“But I was guarded day and night by a one-eyed man who slept on a cot by the side of the cage – he was the fire eater, one of the show’s main attractions and a partner in the circus, so he had every reason to keep me a prisoner – a slave – as I was a big money draw.”
“But weren’t you recognized by the audience?” she asked suspiciously. “The world knows you!”
“Not with the mask they kept over me head when I performed – a papier machemask of me own head.”
“How clever,” she said! “A mask of you to mask you!”
“And,” I continued, “everyone from the grub man to the ringmaster spoke only French and after a few years I lost my own language and I spoke only French, but a debased form of it that was mocked by all but the show animals, who I should say, came to love me as I did them, we being of the same captive stuff. Even the singing eagle and the chorus of her ferocious brood loved me. So, too, the elephant family I taught how to play poker – jokers wild – and the dancing python, too, all friends under the same tent.”
I was going on with my story, when I heard the voices out the window grow louder and more belligerent. She looked at me as if to say, “See what you have come home to?”
“Who is out there,” I asked, “in our courtyard?”
“The ones waiting for you never to come back, the ones waiting for me to fall into their lap.”
So, it was true. I was forewarned of all this by the fortuneteller at the circus. I would find me wife’s suitors and claimants at me home rioting at me door when at last I returned home, she had said, reading tea leaves drowning in a cup. I went out to the courtyard to see what was what. Fifty men were milling about, from ages twenty-five to sixty-eight, some bleary eyed and disheveled from having slept in a chair or in a sleeping bag, and some spanking fresh and ready to take on the world, each man the rival of the other and all the rival of me.
“Pipe down,” I said, “You’re disturbing the peace.”
“Beat it, Pops,” a lad a with biker’s helmet said, twirling a chain.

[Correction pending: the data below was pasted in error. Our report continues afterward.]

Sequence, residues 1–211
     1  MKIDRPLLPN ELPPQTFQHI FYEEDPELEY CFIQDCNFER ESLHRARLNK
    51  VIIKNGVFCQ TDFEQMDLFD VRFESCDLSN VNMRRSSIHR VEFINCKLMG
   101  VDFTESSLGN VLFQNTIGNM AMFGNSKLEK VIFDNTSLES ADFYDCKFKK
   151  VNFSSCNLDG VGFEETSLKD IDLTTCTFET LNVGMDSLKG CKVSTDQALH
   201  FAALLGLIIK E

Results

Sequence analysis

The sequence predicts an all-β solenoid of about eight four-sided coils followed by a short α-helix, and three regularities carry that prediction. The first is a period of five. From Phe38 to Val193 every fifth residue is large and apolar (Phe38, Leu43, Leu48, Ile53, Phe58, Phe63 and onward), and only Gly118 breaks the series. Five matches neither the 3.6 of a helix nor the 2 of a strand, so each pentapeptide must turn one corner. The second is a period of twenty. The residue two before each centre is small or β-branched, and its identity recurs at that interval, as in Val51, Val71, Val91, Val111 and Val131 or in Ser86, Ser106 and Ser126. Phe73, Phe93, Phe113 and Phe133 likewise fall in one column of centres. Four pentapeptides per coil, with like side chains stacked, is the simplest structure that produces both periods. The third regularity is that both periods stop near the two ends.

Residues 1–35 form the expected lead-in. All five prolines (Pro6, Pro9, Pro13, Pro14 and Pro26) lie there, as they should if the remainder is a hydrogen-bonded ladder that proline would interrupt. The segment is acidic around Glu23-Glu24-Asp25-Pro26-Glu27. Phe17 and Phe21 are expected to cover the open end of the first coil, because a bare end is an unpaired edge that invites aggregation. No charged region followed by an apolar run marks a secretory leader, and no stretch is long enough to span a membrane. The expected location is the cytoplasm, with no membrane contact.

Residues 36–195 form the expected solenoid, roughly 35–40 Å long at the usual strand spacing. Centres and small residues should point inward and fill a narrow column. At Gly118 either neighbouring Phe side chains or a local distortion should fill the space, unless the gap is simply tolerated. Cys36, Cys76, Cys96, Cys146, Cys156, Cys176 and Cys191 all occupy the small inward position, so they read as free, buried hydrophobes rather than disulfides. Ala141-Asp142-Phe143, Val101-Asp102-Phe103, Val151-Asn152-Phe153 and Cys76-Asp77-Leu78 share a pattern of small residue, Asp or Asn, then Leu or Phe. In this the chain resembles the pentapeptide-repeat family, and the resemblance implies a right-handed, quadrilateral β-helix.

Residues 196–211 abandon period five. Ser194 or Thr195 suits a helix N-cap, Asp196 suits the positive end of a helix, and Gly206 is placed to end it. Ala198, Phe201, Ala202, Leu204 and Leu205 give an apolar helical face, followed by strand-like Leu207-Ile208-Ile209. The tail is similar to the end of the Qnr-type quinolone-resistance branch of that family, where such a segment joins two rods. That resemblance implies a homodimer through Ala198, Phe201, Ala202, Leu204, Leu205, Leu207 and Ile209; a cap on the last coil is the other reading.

“Go home, grandpa,” shouted another wearing a tailored suit and creamy pink tie. I could see a pistol bulging under his coat.
I realized then how old and worn out and weak I must have looked, like a beggar who has been wandering for years along dusty back roads. I realized, too, that with all the changes to me-self, I had gone unrecognized and was nothing but bones with a beard that had come to beg for shelter. I heard a piercing cry high above me and saw an eagle, my old friend from the circus, circling there in long strong loops, and it gave me a good cheer.
I said nothing to their jeers and returned to the kitchen to continue me story. To finish with that piece of business before going to another.
“Be patient,” I said. “We’ll get to the heart and matter of these people in a little while.”
She looked at me with a friendly pity, as if to say, I know you would do the best you could in ridding us of this trash but look at you, you seem too weak even to climb a ladder. I took her arm, touching her for the first time since I had come home. So soft her skinny arm, so beautiful. The noise out in the courtyard grew even louder than when I went out there, and this time there were shouts and calls for fist fights and battles with knives and baseball bats.
“Perhaps we should just disappear,” she said, “steal away and leave them to themselves while we sail elsewhere and chart a new course.”